Two weeks ago we printed a picture of the M&B fire brigade at their Cape Hill brewery fire station in the 1950s. The photograph was kindly sent in by Mr E. Simpson of Felixstowe, who wrote about his time as an apprentice cooper at M&B, his friends in the cooperage, and of serving with the brewery fire brigade.
The following account of the M&B fire brigade is taken from a copy of the M&B works magazine, The Deerstalker, from February 1949, loaned to us by Peter Howen of Halesowen, son-in-law of Joe Webb, Mr Simpson’s good friend in the cooperage.
It covers the history of the brigade from its formation up to when the article was written: “The Brewery Fire Brigade was formed in 1882, the strength being two officers and eight men. An old manual hose cart and ten lengths of leather hose constituted the appliances and these were accommodated in a small room in the Brewery.
“The first outside call to which the Brigade were summoned was a fire at Messrs. Nettlefolds.
“Mr Harry Mitchell was the popular first captain and the first competition in which the Brigade participated took place at the Aston Lower Grounds.
“A steam fire engine was purchased in 1886 and a new fire station had to be built to accommodate it. The strength of the Brigade was increased to sixteen men.
“Three years later, in 1889, the Brigade took part in competitions that were held in Paris and other towns in France.
“In 1894 the Brigade suffered a great loss by the death of Captain Harry Mitchell.
“At the National Fire Brigade Competitions held in Windsor in 1897, the Brewery team carried off the Duke of Marlborough Cup for the smartest and best turned-out Brigade and were honoured to receive the congratulations of Her Majesty, Queen Victoria.
“The Dennis motor pump was purchased in 1911 and the personnel was augmented by a further six members. Superintendent Hamilton retired after thirty years’ service and was succeeded by Supt Chris Taylor.
“During the first World War, the country was divided into areas for the purpose of better fire protection, and the Brewery Brigade was chosen to represent a certain district, a privilege granted to only a few private brigades.
“Horses were dispensed with in 1924, and a new Leyland pump was added to the appliances. This machine was exhibited at the second Wembley Exhibition. During this year the late Mr Owen Butler was appointed Second Officer in the Brigade.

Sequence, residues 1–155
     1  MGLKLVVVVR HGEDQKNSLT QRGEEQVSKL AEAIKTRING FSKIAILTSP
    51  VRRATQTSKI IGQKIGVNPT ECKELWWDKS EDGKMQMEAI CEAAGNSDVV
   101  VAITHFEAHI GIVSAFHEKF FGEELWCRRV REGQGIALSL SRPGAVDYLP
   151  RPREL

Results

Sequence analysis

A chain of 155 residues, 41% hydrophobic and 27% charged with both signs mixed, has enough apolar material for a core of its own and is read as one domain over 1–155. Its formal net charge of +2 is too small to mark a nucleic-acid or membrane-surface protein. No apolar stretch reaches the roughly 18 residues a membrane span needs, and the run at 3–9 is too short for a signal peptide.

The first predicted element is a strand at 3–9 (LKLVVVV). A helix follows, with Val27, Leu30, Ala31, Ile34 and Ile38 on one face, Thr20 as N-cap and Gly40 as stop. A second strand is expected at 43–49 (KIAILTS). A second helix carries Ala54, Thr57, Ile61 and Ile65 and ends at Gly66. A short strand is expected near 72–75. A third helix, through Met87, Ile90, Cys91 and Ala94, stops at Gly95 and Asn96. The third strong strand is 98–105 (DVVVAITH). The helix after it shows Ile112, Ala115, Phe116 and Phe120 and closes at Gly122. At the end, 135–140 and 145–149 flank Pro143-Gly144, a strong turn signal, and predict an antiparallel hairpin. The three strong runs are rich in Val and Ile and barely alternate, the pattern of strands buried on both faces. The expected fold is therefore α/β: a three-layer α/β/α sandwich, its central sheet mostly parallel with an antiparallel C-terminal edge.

“October 1927 was a most important milestone in the history of the Brewery Fire Brigade. The present Fire Station was opened by the late Sir William Waters Butler, Bt. and it is generally conceded that it is the finest private Fire Station in the country.
“At the National Fire Brigades’ Association Annual Competitions in 1934, held at Yeovil, the Brigade won the National Escape Shield and thereby secured the distinction of having won all the National Events staged by the Association.
“A new Leyland ‘Cub’ fire engine was purchased in 1938 and was regarded as a most valuable acquisition, rendering yeoman serviced during the war years which followed.
“At the outbreak of war in September 1939, a scheme which had been arranged for such an emergency was put into operation. Supplementary measures were taken for the protection of the Brewery premises against possible air attacks and members of the Brigade were on duty each night to deal with emergency calls. During the severe attacks which were made by enemy aircraft in 1940, the Brewery Fire Brigade were able to assist the Borough Brigade in dealing with the various incidents which occurred in the area. Assistance was also given to the Birmingham Fire Brigade in some of the earlier incendiary raids which were made on the city.
“Supt Taylor retired in 1941, after 30 years’ service and was succeeded by Supt Joseph A. Slim.
“Mr Slim’s already heavy responsibilities were considerably increased by the formation of the Fire Guard and he received valuable assistance from the Officers and Members of the Brigade in the training of the personnel.
“Several incidents occurred on the Brewery premises during the many attacks on the Midlands. The most serious fire was caused when incendiary bombs struck the Bottling Stores stacking shed and was only quelled after five hours strenuous work on the part of the Members of the Brigade.
“During the whole period of hostilities, the Members of the Brigade completed 81,133 man hours of voluntary night duty and during raid ‘alert’ periods.
“The success of the Brigade, both locally and nationally, over a long period of years, owes much to the sustained interest, enthusiasm and encouragement always displayed by Captain Arthur Mitchell.
“The Brigade are happy to know that Mr Davey Cole has taken over the mantle of Mr Arthur, and are assured of his support in their voluntary service to the Brewery and the community. It is interesting to note that agreement has recently been reached with the joint Borough Brigades of Smethwick and West Bromwich to render assistance in emergency.
“A Dinner was held at the ‘Cape of Good Hope’, Smethwick on 23rd November last, at which Mr Davey Cole presided, to commemorate the ‘coming of age’ of the Fire Station.”
We have selected some pictures from our archive showing M&B fire brigade’s engines through the ages. Our first picture dates from 1911 and it shows the firemen, resplendent in their polished brass helmets, with the brigade’s first petrol-driven fire engine, along with a horse-drawn engine, and a trap to carry supporting crewmen. The photograph belongs to Robert Pedler of Droitwich and appeared on the front page of Bugle 709 in March 2006.
Our second photograph is of John Bowen’s restored 1956 Dennis F24 fire engine, which was part of the Cape Hill fleet from the late 1950s to the early ’80s, and first appeared in Bugle 692, December 2005.